I have experienced numerous crises in the global environment during my career. These
have included LTCM, the bursting of the dotcom bubble and of course the global financial
crisis. But the one I recall most vividly was Black Monday, not because I was caught in the
middle of the event, but because having been verbally offered my first financial industry role
a month earlier I realised my career might be over before it had even begun!
Fortunately, I was also to learn that experienced financial professionals, being used to the
odd crisis or two, are often quite good at looking through such events knowing that calmer
waters will re-emerge. The job-offer held, and the rest is my own little history.
But not all financial professionals are long-serving, and fewer still have experienced many
crises. In addition, a crisis management plan based on the assumption that everything will
soon return to normal would not be the kind of suggestion we should expect our colleagues
or clients to buy into. Ask any ex-Lehman Brothers employee. For some organisations and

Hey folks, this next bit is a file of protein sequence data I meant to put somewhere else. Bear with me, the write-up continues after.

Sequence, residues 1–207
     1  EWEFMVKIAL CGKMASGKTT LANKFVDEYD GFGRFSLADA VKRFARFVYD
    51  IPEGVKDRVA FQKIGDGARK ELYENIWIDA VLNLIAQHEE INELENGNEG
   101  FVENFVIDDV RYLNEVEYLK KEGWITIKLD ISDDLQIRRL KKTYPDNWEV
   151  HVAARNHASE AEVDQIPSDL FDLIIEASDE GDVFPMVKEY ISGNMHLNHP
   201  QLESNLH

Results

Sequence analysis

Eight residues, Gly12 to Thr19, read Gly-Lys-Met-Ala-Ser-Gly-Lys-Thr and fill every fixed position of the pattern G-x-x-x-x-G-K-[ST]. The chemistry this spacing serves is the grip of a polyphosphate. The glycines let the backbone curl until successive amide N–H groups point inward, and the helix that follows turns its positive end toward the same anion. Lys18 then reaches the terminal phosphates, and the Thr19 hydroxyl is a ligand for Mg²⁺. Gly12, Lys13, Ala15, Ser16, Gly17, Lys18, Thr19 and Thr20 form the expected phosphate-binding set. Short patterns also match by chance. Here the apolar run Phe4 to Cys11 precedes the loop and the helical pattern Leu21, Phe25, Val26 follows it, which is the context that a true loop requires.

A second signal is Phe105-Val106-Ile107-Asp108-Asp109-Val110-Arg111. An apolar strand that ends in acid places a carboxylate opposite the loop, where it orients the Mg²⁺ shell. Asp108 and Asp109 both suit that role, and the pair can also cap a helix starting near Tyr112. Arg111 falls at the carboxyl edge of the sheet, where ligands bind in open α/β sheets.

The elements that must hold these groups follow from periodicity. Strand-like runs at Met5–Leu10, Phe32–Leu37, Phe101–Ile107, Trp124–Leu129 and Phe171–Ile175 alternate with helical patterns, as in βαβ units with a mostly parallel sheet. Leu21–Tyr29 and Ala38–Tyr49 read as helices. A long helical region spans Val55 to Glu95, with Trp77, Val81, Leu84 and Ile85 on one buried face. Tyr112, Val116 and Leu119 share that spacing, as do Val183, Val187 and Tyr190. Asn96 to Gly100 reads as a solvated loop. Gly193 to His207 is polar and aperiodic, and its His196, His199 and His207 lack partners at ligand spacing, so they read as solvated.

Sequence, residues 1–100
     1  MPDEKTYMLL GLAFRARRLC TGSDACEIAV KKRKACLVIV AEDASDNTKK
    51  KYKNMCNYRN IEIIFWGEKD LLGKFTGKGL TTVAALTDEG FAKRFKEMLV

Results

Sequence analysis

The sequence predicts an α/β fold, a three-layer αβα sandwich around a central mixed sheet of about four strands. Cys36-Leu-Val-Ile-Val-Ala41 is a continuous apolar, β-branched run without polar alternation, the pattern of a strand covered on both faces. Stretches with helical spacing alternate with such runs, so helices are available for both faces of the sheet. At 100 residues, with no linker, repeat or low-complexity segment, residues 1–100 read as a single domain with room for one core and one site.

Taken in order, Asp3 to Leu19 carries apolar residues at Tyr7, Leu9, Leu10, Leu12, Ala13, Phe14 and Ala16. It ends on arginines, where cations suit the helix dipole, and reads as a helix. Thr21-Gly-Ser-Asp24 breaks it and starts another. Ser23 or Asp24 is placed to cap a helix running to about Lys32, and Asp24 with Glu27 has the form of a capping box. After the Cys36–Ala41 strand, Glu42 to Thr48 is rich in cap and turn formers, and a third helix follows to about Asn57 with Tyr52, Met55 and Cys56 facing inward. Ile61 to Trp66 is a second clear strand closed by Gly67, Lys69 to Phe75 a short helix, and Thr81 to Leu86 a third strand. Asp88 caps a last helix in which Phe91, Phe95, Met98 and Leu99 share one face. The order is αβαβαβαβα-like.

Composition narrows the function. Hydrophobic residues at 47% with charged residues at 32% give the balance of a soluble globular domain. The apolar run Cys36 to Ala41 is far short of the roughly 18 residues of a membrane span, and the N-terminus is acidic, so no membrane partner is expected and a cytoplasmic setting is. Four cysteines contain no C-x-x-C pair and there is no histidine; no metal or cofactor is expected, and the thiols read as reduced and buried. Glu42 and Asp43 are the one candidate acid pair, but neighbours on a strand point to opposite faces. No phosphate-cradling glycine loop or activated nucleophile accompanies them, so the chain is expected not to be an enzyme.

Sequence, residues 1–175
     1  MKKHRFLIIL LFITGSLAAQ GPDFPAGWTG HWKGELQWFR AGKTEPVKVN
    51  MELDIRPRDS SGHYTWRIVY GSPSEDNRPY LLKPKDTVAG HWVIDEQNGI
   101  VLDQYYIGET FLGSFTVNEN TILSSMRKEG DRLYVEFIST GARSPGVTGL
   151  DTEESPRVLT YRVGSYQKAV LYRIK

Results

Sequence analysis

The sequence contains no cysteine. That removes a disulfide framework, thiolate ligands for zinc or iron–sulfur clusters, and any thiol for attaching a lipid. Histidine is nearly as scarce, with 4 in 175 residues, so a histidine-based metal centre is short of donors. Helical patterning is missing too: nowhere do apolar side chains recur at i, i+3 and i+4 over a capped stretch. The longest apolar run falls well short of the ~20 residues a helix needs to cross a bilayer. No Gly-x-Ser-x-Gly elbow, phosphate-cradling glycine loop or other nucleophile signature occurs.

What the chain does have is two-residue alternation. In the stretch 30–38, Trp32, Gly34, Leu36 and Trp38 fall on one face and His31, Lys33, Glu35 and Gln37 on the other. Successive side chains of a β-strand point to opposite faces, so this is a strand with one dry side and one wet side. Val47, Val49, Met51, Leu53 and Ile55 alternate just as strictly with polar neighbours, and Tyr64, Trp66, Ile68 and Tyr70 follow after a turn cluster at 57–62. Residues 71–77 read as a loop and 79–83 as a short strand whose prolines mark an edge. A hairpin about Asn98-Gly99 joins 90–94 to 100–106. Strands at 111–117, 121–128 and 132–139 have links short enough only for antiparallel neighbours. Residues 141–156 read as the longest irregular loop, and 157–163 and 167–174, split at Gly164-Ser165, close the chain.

the individuals working within them, a crisis is something they do not get to recover from.
So, a plan to help organisations navigate through a crisis is desirable. But who should
design such strategies? Some years ago, a colleague uncharitably described my then Chief
Operating Officer as, “a guy who spends all day thinking about problems to solutions”. He
was correct. Our mutual colleague was a contrarian thinker and precisely the kind of person
you would want on your team to stress-test the assumptions underlying the design of a
robust crisis management plan.
Additionally, one should always be open to the idea of looking outside your organisation for
inspiration on how to do things better. We spend much time working within our companies
and are deeply committed to helping them succeed. Therefore, we understandably have an
inbuilt bias towards believing our organisations always have the keenest insights. But when
it comes to something as critically important as preparing to manage a crisis, we should
leave no stone unturned in pursuit of that plan we hope will see our businesses safely